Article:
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By: Clay Ryder, President, Sageza Group, Inc.
Published: 12th March 2010
Copyright Sageza Group, Inc. © 2010
IBM has announced three new servers that are based on the fifth-generation IBM Enterprise X-Architecture chip (eX5). These are the four-processor IBM System x3850 X5, the BladeCenter HX5, and the System x3690 X5, which the company stated will be the most powerful two-processor server on the market. Each of these eX5 servers is equipped with a new independent memory-scaling technology, known as MAX 5, which allows processors on eX5 systems to access extended memory very quickly and enables these servers to offers six times more memory than comparable x86-based servers.
In addition to MAX5, IBM’s new eX5 systems offer additional features that seek to improve the performance, cost, and flexibility for x86 workloads:
The eX5 systems take advantage of integration with IBM middleware to create a virtualized environment providing a flexible, highly scalable system that can reduce the number of physical servers needed to support a given workload. IBM's Systems Director management suite has been upgraded to support eX5 technology and will allow users to pre-configure servers, remotely re-purpose systems, and set up automatic updates and recoveries. The company stated that its new eX5 servers are the result of a three-year engineering effort to improve the economics of operating enterprise-sized, x86-based systems.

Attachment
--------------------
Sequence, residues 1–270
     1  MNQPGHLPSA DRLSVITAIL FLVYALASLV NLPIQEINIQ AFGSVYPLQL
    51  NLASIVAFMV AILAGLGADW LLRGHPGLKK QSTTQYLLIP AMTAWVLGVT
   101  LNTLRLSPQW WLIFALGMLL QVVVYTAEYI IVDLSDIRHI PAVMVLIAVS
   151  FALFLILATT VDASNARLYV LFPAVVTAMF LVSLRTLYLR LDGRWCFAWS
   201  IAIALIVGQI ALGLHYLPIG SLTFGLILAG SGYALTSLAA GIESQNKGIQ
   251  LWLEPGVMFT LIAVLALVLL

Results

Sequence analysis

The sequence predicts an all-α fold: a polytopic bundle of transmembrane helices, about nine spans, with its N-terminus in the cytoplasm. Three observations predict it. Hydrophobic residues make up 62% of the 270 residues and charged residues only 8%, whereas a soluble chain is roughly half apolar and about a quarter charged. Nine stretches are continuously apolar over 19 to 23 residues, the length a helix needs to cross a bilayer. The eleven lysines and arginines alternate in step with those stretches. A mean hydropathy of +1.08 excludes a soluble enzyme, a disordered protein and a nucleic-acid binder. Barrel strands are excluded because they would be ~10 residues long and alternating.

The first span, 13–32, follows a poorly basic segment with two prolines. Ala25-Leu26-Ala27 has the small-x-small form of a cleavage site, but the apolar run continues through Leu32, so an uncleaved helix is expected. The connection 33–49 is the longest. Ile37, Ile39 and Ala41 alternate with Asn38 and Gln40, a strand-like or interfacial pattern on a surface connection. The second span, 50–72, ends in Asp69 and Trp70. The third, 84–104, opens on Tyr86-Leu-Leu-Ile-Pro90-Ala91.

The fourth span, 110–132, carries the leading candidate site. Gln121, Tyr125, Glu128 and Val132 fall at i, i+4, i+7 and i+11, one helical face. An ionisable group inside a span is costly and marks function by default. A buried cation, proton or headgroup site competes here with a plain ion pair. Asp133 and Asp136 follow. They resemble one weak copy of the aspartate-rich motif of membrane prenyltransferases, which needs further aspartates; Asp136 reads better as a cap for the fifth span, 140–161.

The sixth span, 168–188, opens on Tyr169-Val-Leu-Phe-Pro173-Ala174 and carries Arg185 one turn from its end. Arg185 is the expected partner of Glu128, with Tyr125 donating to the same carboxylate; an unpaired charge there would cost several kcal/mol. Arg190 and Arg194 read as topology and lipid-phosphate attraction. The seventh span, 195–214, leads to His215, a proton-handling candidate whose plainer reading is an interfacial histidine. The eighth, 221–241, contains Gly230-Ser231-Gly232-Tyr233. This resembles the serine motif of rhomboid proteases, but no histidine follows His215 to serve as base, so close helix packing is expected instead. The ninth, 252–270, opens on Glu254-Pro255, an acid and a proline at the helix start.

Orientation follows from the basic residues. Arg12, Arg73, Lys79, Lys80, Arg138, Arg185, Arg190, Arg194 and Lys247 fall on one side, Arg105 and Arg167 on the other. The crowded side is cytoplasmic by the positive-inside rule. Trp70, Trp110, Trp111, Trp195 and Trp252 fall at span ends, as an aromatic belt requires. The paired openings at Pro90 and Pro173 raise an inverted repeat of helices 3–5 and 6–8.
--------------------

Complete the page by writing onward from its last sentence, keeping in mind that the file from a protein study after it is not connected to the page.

The IBM System x3850 X5, BladeCenter HX5, and System x3690 X5 are being previewed this week at the CeBIT trade show in Germany and will be officially available later this month and throughout the year. No pricing details were released.
At times it is difficult to get excited about Industry Standard x86-based servers. The market is saturated with solutions that seem to universally benefit from ever-increasing CPU performance combined with a price/performance ratio that continues to rise towards the stratosphere. All told, more applications are finding their way onto this platform every year as legacy UNIX and other systems are retired in favor of this widely deployed low acquisition cost option. The platform offers choice of operating system and components from thousands of suppliers, and now with virtualization, utilization is going up, and acquisition price points are going down. Overall, it sounds like a commodity market. So why get all worked up about a vendor’s latest entry in this well populated market segment? The reasons are simple: this is NOT a commodity market, virtualization is here to stay, and disk drives are too darn slow.
While x86 processors as a component could easily be considered a commodity, a processor alone does not make a server. All of the components on the motherboard and rack/chassis along with various interconnections have a substantial impact on the performance and capability of the server. While one industry-standard server would be expected to execute the same software as another, the performance and scalability of the systems is not automatically the same. Commodity CPU yes, commodity and hence undifferentiated server, no.